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Mr. Milburn: I agree with my hon. Friend. There are common factors in many of these horrendous cases, not just in Bristol but elsewhere. Usually, the common factor is that people in the hospital and the NHS environment around the hospital have known that there has been a problem, but the patients and their families have not known. We must change that.

I have heard people say that the problem in Bristol was that there were no data, so no one knew what was going on and there were no measures to assess how well a surgeon was doing against the national average. That is not true. Data were available, and had been developed by surgeons themselves. We must publish information more openly, so that the public, local GPs and the primary care trusts, as well as the doctors in the hospitals, know what is going on.

Two years ago, we published for the first time clinical indicators of death rates following surgery. The data are raw and rudimentary, but none the less are a significant step in the right direction and will make patients more aware of what is going on in their local health service. We must do more of that in the future, but we can only do so in conjunction with the medical profession.

On the issue of public scrutiny, Kennedy is pretty clear and explicit that that is where we must make changes. We must not just open up the national health service to make information more available, but get the public in at the heart of the service.

Kennedy comments on the existing structure of community health councils and on our proposals in the last Parliament for patient forums. We shall return to that shortly, but I think there is an important lesson to be learned from all this: if we are genuinely to have a national health service that is focused on the needs of patients, we must have more power for patients.

Ms Gisela Stuart (Birmingham, Edgbaston): My right hon. Friend rightly points out that we need to learn for the future from inquiries such as this, so that such mistakes are not made again. He also draws attention to the availability of data, and the way in which they were analysed.

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I understand that the report reaches strong conclusions about the number of operations that have been performed in a safe environment. Before too long my right hon. Friend will have to make a decision about the future of heart transplant centres, and part of those data will no doubt influence it. May I urge him not just to look at the number of individual operations performed by an individual surgeon, but to pay due attention to the needs of the team work involved and the collective activity that provides the necessary expertise? Will he treat the data holistically, rather than in a mechanistic way?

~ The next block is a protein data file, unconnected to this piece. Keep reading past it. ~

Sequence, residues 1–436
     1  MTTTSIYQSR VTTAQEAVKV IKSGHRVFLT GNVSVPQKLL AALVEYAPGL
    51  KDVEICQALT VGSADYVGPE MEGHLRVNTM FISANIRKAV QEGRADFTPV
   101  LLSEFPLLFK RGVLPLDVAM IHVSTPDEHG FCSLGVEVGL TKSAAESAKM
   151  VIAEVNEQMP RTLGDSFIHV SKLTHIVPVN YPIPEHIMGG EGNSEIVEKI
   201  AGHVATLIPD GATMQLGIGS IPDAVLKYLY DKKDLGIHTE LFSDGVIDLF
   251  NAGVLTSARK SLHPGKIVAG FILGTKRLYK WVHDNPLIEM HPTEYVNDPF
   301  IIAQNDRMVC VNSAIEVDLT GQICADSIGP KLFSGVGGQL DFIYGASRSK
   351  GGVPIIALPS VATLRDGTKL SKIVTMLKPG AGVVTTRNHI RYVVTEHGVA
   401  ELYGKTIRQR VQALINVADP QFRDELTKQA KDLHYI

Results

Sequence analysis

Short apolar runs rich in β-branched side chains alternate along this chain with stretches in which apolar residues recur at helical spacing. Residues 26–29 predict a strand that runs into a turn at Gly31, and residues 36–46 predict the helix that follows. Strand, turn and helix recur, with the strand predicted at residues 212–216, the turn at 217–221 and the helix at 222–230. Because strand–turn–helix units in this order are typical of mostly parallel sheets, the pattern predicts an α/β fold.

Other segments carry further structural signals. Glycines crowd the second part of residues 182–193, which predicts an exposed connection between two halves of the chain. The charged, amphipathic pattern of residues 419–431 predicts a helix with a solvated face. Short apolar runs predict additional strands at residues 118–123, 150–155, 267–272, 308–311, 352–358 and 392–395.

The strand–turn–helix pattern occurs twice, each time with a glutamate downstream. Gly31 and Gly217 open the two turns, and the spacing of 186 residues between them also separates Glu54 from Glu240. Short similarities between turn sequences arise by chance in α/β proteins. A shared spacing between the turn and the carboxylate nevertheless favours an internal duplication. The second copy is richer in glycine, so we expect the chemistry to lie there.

Mr. Milburn: My hon. Friend has raised an extremely important point, which I know is of great concern to her constituents and those of many other Members—not just in Birmingham but, as she will know, in Sheffield and Manchester.

Real dilemmas are involved. There is, for instance, the dilemma of having to choose between maintaining a local service—to which Kennedy refers explicitly—and ensuring that patient safety comes first. My accountability to the House means that I must ultimately be accountable for patient safety, and patient safety must come first in the reaching of these difficult decisions.

My hon. Friend is aware of the state of play. I assure her and others that no final decisions have been made, and that before any are made there will be open and full consultation.

Dr. Howard Stoate (Dartford): My right hon. Friend has pointed out that it was not so much a lack of data as a lack of monitoring that led to the tragic events in Bristol. That extends well beyond surgical outcomes. Dr. Harold Shipman managed to kill many of his patients; data must have been available, but no one had monitored the fact that many more patients were dying in his surgery than in any other surgery in the land, because it is extremely rare for a patient to die in a doctor's surgery.

Has my right hon. Friend given any thought to how monitoring might be extended well beyond surgical outcomes, across the whole range of primary care services? Has he given any thought to what sort of data might be published and how they could be made accountable and meaningful, so that patients could judge the whole range of NHS services rather than just surgical outcomes?

Mr. Milburn: My hon. Friend makes an extremely good point. There is a huge amount of data around; the problem is that those data are often pretty rudimentary, and are not integrated.

The hospital episode statistics data that we collect identify deaths in hospital, particularly deaths following surgery. What we do not have in the NHS is a means of collecting data relating to deaths outside hospital, so we